About

Your Host

Nationality: Amerikanski

Vintage: 1971

Haplogroups: J2b1a (maternal) R1b1b2a1a1d* (paternal)

Haircut: None

Grape: Pinotage

Base of Operations:
Right here in the Sunshine State

Education:
Bachelor of Science, Electrical Engineering (Controls & Communications)
Master of Science, Electrical Engineering (High Frequency Electronics)
Passed all 3 Exams of the Chartered Financial Analyst Program (CFA)

Profession:
I am an independent contractor. I work mostly from home but often from hotel rooms and resorts when my wife and I are traveling. Half the day I’m a stock analyst for an East Coast money managing firm. The other half I’m an electrical engineer for a West Coast wireless communications firm. In 2011, I gave up the engineering work to make space for a handful of other projects. So far, I’m making an accounting profit but not yet an economic one.

With no formal job title, I’ve been known to introduce myself as a Quantitative Freelancer when trying to impress, and to claim that my engineering, machine learning, statistics, and signal processing skills allow me to basically work in any field I choose since “it’s all just math”. If I sense I haven’t fully dazzled with my brain for hire shtick, I might resort to pushing my eBook, showing off my iPhone apps, arguing that juries should be instructed to simply multiply conditional probabilities, or throwing down some Schwyzerdütsch.

Contractor's Cubicle

This is my office most days. A small, but not insignificant, portion of my income goes toward maintaining a proper inventory of nag champa, as a smoldering pyre must be constantly tended to, to throw the mosquitoes off scent. Let’s just hope Sai Baba and the Surgeon General stay on good terms.

I’m all about diversified income streams from multiple part-time gigs, so don’t be surprised to also find me artfully arranging your chirashi deluxe at the sushi shack, piloting your intercontinental 747 into Dubai under sandstorm IFR, or analyzing your cerebrospinal fluid for rare protein biomarkers. I’m telling you man, it’s all just math!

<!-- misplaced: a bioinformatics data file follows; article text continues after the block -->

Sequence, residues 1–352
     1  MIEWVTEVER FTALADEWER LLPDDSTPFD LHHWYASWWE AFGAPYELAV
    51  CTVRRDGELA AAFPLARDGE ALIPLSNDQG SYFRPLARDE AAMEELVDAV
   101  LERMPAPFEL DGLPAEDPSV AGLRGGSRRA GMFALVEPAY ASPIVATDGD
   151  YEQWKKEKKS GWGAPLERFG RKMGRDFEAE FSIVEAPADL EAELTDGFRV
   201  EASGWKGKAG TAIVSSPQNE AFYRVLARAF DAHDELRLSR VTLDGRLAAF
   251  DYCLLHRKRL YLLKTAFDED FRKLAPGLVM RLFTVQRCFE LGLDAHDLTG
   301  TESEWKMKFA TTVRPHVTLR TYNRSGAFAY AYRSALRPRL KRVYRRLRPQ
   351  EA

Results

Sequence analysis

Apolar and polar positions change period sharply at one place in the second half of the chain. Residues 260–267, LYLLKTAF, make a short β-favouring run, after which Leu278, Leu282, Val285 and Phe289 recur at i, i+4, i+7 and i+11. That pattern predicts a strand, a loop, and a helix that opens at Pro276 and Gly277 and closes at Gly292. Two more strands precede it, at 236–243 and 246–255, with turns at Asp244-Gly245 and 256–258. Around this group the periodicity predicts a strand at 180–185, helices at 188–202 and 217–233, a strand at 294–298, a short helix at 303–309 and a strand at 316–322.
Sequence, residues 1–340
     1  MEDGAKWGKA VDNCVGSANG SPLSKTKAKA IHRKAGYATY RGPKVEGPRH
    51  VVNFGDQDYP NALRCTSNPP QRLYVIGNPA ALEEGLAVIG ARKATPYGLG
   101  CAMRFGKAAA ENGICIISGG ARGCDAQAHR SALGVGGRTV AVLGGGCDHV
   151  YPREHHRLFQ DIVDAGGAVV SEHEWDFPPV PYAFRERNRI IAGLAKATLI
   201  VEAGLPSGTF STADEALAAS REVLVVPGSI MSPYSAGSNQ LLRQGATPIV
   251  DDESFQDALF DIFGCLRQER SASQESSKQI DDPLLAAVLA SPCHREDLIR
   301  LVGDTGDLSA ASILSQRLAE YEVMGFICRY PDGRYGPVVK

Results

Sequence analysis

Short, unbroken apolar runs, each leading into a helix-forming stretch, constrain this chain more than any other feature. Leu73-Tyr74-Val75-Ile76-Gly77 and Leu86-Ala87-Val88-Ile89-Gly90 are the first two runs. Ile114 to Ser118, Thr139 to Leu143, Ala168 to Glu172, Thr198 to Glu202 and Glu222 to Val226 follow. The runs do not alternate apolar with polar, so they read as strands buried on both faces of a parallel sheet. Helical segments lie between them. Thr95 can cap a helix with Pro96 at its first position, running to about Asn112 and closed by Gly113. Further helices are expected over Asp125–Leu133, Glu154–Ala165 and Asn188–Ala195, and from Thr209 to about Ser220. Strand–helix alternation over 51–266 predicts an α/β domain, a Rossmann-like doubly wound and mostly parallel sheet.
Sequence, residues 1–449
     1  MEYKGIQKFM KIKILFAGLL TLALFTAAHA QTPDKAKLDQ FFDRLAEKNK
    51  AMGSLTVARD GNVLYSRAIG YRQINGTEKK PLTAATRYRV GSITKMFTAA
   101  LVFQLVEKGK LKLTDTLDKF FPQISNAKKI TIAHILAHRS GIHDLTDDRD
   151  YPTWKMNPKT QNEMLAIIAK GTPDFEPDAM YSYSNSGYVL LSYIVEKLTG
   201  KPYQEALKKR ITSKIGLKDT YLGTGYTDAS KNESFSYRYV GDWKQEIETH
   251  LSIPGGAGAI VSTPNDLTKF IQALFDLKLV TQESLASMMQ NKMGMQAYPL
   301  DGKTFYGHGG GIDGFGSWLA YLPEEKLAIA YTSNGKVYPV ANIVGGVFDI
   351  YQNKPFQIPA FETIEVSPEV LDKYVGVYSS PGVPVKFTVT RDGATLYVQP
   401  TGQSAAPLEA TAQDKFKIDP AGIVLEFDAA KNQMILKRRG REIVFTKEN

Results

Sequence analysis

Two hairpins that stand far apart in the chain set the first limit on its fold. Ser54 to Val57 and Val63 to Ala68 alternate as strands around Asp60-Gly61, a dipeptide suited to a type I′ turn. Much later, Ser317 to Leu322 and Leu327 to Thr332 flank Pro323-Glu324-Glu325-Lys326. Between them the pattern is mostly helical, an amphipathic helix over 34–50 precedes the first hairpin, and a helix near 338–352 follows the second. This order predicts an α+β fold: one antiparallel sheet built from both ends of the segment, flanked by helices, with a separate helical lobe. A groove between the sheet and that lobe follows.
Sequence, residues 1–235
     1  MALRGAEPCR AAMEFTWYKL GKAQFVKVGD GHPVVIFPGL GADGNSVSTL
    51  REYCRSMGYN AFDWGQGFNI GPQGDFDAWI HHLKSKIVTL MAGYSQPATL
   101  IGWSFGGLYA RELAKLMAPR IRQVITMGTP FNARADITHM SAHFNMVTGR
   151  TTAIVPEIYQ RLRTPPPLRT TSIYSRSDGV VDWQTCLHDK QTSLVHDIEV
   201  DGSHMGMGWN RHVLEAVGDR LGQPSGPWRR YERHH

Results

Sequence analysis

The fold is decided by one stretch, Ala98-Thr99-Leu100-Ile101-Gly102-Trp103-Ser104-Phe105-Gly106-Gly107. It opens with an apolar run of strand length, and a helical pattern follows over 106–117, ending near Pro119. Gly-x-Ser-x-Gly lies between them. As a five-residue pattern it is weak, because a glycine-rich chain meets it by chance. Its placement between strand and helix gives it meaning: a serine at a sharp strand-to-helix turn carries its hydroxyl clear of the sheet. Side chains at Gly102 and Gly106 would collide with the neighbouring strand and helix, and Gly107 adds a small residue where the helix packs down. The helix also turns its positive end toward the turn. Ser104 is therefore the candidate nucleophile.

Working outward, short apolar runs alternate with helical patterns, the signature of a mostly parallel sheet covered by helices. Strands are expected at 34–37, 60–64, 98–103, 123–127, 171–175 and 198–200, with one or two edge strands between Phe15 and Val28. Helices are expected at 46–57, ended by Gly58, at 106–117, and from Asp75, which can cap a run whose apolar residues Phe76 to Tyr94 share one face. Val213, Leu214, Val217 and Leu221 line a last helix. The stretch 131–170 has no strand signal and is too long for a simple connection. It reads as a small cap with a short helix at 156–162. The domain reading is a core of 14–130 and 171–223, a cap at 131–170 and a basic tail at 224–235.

Areas of Expertise (Engineering Version):
For over a decade, I did algorithm development for wireless and wired digital communication systems. My specialty is in designing systems that can still successfully talk to each other when noise is huge, signal power is low, or both. You might be thinking deep-space signals arriving from NASA probes near the Kuiper belt, but it’s actually the black art of power line communications.

Briefly, your house already has electrical wiring that is used to distribute power to multiple outlets in each room. There’s no reason you can’t simultaneously use that same wiring (at different frequencies) as a big LAN to network computers, share internet, and route HD video. There are no holes to drill and wires to run as with ethernet or coax, fewer dead zones than with Wi-Fi, and unless you’re living in an apartment building, neighbors can’t even see your traffic so you have an additional layer of network security on top of encryption.

I specialize in orthogonal frequency division multiplexing (OFDM) and most areas of the associated physical layer: error correction coding (LDPCs, turbo), differential and coherent modulation, optimal interleaving, frequency offset compensation, channel adaptation, SNR estimation, impulse and RFI mitigation, and just about anything associated with signal processing. I can also talk enough spatial multiplexing, beamforming, and cooperative diversity to pass interview questions about MIMO, though in reality I’ve only just dabbled.

Collision Detection...

Areas of Expertise (Investing Version):
While I’ve certainly passed thousands of hours modeling and testing my own quant strategies by programming Java & Matlab to scrape all sorts of financial data from the web and crunch it in various ways, my paid work has mostly concerned good old fashioned value investing. The person I work for is a non-quant who successfully emulates the Buffett style of looking for franchise businesses selling at or below a fair price. My (selective) readings of Greenwald and Greenblatt have historically made me interested in just about anything with a high EBIT/EV, but my mixed success with this approach is drawing me closer to the Buffett light.

Briefly, most investors overpay for stocks by being too optimistic about future growth. The antidote is to either (1) fish in the severely beaten-down part of the market, looking for companies whose fire sale net assets per share are worth more than the current stock price (2) fish in the broad market, valuing companies based on current earnings only, as it’s ridiculous to think anyone could predict the future! or (3) seek first to understand the various types of competitive advantages, and only invest in companies with durable economic moats as you’ll do quite well from compounding as long as you don’t buy at a blatantly stupid price.

I started my investing career years ago thinking I was at (3). Then I entered that terrifying world called the CFA program, where the more you learn the less you feel you know. It pushed me down to (1). Countless hours of study and a few CFA exams later, I finally clawed my way back to thinking that I could at least attempt (2). But even maintaining current earnings can be tricky for a company with no competitive advantage. What other option is there than to go with (3)?

All Lines Are Open!

To Contact:
I prefer comments to blog posts so that others may benefit from the discussion, but if you want to contact me privately, no problem! Please just prove you’re not a spam-bot by assembling my email address as follows:
Start with the tea: sencha.
Follow that with the vintage: 71.
Follow that with the @ sign.